Donald's Encyclopedia of Popular Music

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RICH, Buddy

(b Bernard Rich, 30 June 1917, Brooklyn, NY; d 2 April 1987) Drummer, bandleader. Apparently a natural performer from birth, worked with his parents on stage at 18 months, played drums as Baby Traps, danced and drummed on Broadway at age four and led a band on stage at eleven. He played in the bands of Joe Marsala '37-8 (clarinettist; b 4 January 1907, Chicago; d 4 March 1978), then Bunny Berigan, Harry James, Artie Shaw, Tommy Dorsey '39-42, Benny Carter '42. Opinionated and with a flint-hard intelligence, he did not get along with Dorsey (nor with Frank Sinatra, though they somehow remained friends). After military service he rejoined Dorsey '44-5.

He was one of the best white drummers of the Big Band Era, with the tendency towards the showmanship of Gene Krupa but a much better drummer. He formed his own band '45, which lasted two years (One Night Stand live '46 on Bandstand); joined JATP '47, played with Les Brown late '49, member of Big 4 '51 with Charlie Ventura, Chubby Jackson, pianist Marty Napoleon (b 2 June 1921, Brooklyn; d 27 April 2015). He played with James and Dorsey again '50s, led combos, and was also a good singer. There were albums as a sideman with Flip Phillips, Dizzy Gillespie, Lester Young, Lionel Hampton, Harry Edison, a trio set with Art Tatum and Hampton, This One's For Basie '56, Rich Versus Roach '59 with Max, Sings Johnny Mercer, Just Sings, In Miami etc almost all on Norman Granz's labels. He contemplated giving up playing for singing and acting but always came back to drums.

He had his first heart attack '59, came back with a keep-fit regimen and acquired a black belt at karate. He worked for James again from '61; when he formed his own big band again '66 some thought he was crazy, but the demanding boss and incredibly hard worker had international success with a brilliant band, arrangements by Bill Holman, Don Sebesky (b 10 December 1937, Perth Amboy NJ), John La Barbera (b 10 November 1945, Warsaw NY), Bill Reddie (arranger of 'West Side Story' medley including a tour- de-force drum solo), others. Art Pepper played in the band briefly; La Barbera played trumpet, brother Pat reeds (b Pascel La Barbera, 7 April 1944, Mt Morris NY). With fine young talent and roaring versions of contemporary pop including Beatle songs, Paul Simon etc, he toured the world, had his first TV show '68. He led a small group '74, lent his name to club Buddy's Place, and re-formed the big band '75. After heart by-pass surgery '83 he ignored doctors' orders and was back at work in two months, at first with a combo; he toured nine months a year '85-6, including concerts with Sinatra.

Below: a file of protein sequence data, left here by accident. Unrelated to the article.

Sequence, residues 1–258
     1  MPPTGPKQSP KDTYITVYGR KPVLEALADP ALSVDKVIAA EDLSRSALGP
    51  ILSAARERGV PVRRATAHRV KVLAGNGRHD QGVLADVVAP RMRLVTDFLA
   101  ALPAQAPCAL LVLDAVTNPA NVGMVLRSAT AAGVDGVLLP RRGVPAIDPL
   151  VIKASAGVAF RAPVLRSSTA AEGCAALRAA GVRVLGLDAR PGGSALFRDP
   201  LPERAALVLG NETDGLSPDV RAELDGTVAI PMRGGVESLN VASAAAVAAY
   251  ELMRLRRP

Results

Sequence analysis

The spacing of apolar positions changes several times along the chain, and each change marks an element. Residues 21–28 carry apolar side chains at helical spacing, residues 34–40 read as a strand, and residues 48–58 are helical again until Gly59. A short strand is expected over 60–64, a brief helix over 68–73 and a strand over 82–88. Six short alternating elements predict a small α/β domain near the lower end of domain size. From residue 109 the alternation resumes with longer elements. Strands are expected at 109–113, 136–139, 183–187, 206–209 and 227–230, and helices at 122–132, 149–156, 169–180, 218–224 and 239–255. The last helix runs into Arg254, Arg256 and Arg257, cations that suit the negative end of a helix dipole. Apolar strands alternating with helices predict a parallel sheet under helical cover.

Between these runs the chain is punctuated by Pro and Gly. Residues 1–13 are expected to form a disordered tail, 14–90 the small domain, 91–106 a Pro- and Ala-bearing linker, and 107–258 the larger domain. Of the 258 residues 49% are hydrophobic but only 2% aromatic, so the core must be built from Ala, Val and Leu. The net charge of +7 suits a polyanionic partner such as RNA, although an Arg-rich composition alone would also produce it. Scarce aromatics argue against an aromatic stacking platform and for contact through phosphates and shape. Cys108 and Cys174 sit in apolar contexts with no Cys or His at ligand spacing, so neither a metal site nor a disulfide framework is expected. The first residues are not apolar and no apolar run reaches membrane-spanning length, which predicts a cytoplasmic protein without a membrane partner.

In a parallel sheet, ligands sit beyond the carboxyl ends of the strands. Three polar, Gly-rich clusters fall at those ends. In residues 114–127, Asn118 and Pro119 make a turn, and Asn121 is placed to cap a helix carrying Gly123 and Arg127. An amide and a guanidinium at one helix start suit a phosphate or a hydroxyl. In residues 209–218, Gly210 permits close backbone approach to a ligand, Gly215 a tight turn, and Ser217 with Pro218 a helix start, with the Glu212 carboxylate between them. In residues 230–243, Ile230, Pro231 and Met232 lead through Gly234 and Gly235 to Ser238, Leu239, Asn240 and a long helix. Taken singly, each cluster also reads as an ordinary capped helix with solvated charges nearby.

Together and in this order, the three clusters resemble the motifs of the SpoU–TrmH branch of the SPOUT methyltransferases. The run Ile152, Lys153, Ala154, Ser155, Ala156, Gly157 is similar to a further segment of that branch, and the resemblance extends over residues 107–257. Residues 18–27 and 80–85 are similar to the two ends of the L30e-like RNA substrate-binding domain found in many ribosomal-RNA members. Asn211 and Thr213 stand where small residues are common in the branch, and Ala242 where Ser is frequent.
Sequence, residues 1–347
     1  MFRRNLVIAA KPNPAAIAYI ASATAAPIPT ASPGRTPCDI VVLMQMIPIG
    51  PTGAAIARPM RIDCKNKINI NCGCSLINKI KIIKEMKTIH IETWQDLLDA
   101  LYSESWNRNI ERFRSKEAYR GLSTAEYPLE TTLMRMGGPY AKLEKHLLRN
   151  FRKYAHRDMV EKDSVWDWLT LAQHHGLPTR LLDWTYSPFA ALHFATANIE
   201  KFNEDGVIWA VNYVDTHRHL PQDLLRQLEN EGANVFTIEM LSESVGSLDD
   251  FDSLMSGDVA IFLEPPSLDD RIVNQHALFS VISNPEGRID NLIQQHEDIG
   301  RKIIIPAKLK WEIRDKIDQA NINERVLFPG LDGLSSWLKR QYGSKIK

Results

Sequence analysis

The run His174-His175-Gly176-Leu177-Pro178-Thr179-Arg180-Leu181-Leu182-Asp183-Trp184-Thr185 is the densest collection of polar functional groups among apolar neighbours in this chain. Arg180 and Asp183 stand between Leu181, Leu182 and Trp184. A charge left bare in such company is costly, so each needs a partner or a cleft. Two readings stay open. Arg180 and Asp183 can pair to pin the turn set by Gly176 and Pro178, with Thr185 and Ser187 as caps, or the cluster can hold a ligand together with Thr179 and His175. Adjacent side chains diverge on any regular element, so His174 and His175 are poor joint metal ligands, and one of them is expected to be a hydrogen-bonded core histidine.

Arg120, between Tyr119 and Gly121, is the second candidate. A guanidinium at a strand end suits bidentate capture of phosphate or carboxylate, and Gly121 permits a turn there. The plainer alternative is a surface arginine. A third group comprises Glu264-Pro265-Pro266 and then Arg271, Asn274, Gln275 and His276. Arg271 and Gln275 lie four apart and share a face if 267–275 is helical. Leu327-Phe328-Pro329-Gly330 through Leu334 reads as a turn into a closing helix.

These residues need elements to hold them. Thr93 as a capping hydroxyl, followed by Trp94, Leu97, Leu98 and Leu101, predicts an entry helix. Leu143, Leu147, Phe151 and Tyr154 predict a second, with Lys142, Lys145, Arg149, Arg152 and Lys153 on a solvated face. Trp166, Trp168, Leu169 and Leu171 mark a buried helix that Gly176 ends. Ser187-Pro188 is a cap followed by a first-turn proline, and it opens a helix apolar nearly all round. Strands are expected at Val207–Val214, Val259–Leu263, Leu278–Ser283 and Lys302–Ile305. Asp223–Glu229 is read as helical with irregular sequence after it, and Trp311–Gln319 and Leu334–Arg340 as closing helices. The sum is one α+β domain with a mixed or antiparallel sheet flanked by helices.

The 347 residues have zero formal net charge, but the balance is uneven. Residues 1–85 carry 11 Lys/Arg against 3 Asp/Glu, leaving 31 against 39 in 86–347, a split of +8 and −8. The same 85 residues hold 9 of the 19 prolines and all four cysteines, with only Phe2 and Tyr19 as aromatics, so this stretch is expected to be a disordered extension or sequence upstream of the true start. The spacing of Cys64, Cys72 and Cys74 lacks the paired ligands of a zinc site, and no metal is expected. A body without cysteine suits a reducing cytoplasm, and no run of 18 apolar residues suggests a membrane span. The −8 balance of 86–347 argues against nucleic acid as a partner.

Some of the albums made the pop charts: Swingin' New Big Band, Big Swing Face, Mercy, Mercy, Buddy And Soul '66-9 on World Pacific/Pacific Jazz; Rich In London '72 on RCA (live at Ronnie Scott's), Live At Ronnie Scott's 1980 on DRG; many more including Big Band Machine and Roar Of '74 on Groove Merchant; Stick It and Different Drummer on RCA (compilation Time Being on a Bluebird CD); Keep The Customer Satisfied on Liberty; Hampton Presents '77 on Who's Who, etc. Rich's personality and flashy showmanship saw to it that many of his fans were the kind of people who talk through the music on the bandstand, but musicians were always in awe of his phenomenal technique; on The Swinging Count '52 with Basie small groups he was certainly in evidence, but every accent was appropriate and in exactly the right place. When Big Swing Face '67 (live in a Hollywood club) was reissued '96 on Pacific Jazz with previously unreleased material, the band that sounded like a heat-seeking missile reminded everyone of the intense, swinging precision that the best big bands were once capable of, and Rich had done it 20 years after the era was supposed to have ended.

Drummer Neil Peart's Burning For Buddy: A Tribute '94 on Atlantic brought together eleven alumni and 18 guest drummers; Vol. II '96 had eleven drummers, vocalists including Cathy Rich and Annie Ross plus Buddy himself on tape on one track.